BY KATELYN CAMPBELL, COMMUNITY DEVELOPMENT POLICY VISTA, THE HUB
Here at The Hub, we’ve been busy tracking a number of community development-focused bills as they’ve made their way through the Legislature this Session. As we round out Week 4, our menu of bills we’re tracking has definitely grown in length, but we’ve still been keeping an eye on a bill we introduced to you during Week 1 – Senate Bill 59.
If passed, SB 59 would create a pool of funds to relieve municipalities and counties of some of the cost burden of cleanup for unsafe burned out properties that did not have sufficient fire insurance.
One of the most important things to learn about the Legislature is that sometimes you have to play a game of “hurry up and wait.” Like many of the 1331 bills introduced so far this year, SB 59 still hasn’t made it onto its committee’s agenda.
SB 285, sponsored by Senators Karnes and Boso, creates a process for counties interested in establishing new trail systems to form regional recreation authorities. According to the bill, a regional recreation authority would consist of three or more contiguous counties who, pending approval from the Joint Committee on Government and Finance, would organize a board and appoint an Executive Director to lead trail development projects.
Getting a trail system off the ground requires lots of time, investment, and hard work. Before ground can even be broken on a new trail, agreements have to be reached with landowners, plans must be created to ensure construction follows all regulations, and insurance must be secured (not to mention the extensive fundraising and hundreds of other tasks).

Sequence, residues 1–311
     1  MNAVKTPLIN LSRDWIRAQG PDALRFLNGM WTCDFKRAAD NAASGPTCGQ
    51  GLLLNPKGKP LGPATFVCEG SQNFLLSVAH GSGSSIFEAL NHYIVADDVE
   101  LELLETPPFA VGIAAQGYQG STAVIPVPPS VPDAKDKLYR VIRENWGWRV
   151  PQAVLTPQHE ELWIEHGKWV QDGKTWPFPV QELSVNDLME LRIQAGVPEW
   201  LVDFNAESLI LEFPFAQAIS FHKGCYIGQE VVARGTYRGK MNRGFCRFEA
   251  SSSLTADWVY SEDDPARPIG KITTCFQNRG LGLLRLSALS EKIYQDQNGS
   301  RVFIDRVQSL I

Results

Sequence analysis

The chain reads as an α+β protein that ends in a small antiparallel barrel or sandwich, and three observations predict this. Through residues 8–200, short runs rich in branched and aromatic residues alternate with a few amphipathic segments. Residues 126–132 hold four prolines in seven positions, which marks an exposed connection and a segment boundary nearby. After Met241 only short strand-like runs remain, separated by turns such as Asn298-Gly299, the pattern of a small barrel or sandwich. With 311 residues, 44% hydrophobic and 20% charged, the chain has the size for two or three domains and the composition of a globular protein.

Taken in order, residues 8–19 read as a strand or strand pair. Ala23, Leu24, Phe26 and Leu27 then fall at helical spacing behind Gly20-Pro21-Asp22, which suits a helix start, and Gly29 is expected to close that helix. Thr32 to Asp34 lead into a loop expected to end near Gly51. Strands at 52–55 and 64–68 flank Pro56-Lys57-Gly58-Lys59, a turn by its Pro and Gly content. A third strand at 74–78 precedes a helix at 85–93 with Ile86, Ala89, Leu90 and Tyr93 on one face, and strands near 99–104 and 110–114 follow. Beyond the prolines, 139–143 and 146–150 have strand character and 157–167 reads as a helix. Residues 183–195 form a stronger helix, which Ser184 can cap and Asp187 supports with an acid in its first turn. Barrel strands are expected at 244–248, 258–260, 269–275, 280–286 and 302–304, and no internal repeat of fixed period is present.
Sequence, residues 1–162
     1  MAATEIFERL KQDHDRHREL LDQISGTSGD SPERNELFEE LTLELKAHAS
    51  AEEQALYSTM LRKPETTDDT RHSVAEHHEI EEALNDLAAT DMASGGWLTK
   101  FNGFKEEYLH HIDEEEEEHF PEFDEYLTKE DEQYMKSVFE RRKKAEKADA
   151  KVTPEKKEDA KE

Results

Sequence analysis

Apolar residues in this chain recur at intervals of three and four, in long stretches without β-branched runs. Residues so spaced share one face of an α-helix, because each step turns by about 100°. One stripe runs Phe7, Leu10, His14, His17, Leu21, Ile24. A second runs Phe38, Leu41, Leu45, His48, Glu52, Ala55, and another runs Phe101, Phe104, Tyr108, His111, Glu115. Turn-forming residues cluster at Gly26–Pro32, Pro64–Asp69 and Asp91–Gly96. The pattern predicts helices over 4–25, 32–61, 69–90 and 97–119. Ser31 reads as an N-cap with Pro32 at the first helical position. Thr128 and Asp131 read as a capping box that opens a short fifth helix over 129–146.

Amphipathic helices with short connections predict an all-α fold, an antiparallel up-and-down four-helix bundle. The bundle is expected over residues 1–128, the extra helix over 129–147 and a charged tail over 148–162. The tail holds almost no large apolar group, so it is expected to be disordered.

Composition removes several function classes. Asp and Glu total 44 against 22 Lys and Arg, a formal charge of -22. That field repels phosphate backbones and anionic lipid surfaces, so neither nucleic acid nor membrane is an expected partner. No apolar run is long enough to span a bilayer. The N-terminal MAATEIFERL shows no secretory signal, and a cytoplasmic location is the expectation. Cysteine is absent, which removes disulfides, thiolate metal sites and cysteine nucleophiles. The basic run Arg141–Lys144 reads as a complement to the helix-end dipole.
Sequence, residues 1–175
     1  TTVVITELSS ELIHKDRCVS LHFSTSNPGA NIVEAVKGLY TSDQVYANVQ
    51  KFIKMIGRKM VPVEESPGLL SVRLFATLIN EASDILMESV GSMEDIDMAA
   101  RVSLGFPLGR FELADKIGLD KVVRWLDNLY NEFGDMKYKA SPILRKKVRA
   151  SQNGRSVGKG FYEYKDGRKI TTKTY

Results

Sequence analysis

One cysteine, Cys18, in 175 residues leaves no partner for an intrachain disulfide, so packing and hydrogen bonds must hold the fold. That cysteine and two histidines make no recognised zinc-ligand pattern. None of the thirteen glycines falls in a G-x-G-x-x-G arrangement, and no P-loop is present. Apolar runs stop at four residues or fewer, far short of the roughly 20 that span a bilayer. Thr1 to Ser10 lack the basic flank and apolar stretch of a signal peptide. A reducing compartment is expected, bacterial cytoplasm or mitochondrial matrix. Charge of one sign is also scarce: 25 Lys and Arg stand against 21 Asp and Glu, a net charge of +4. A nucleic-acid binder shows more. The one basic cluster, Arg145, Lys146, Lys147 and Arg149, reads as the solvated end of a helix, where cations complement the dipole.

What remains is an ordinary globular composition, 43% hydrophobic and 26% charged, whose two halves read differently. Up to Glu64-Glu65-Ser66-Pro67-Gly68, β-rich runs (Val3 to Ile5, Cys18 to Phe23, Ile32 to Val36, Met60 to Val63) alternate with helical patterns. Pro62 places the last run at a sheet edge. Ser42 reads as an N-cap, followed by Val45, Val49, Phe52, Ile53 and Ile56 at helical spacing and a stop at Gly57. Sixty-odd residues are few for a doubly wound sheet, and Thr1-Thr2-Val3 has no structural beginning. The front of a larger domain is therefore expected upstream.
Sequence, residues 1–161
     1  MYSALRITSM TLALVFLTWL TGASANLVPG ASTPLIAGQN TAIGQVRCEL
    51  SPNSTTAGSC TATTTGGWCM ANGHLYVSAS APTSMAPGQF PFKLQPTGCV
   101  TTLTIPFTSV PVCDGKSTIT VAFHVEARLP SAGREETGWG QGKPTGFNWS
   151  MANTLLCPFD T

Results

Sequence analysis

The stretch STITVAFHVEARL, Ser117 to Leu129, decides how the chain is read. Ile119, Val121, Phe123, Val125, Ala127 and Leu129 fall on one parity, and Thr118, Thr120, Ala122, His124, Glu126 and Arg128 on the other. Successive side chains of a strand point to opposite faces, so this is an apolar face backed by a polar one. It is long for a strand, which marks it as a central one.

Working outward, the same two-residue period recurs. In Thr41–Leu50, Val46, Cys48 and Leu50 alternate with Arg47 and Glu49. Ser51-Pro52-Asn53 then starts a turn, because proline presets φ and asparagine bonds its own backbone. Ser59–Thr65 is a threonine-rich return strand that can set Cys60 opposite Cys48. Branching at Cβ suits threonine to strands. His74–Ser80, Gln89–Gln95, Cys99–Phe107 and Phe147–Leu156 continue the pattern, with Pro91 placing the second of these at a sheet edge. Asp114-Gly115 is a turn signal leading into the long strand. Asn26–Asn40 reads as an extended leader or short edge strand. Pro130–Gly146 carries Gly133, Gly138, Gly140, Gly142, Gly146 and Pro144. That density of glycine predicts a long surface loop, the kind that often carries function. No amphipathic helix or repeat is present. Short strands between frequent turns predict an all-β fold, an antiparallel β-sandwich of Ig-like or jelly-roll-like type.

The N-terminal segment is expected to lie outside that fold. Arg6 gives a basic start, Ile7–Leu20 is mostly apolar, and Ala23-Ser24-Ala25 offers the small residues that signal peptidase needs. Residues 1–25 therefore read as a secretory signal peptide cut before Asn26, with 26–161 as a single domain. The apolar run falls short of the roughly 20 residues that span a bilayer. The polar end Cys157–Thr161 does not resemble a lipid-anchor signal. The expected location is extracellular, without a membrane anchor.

All of that hard work has paid off in spades for the Hatfield-McCoy Trail System, which has generated millions of dollars in new tax revenue and wages through its boost to tourism efforts in Southern West Virginia. The Hatfield-McCoy Regional Recreation Authority recently received a $1.4M POWER Grant from the Appalachian Regional Commission to support new entrepreneurship efforts surrounding the trails.
As of January 29, SB 285 has passed through the Senate Natural Resources committee, was relieved of its referral to the Senate Finance committee, and was read three times on the floor. It was passed unanimously by the Senate and is now off to the House for further consideration.
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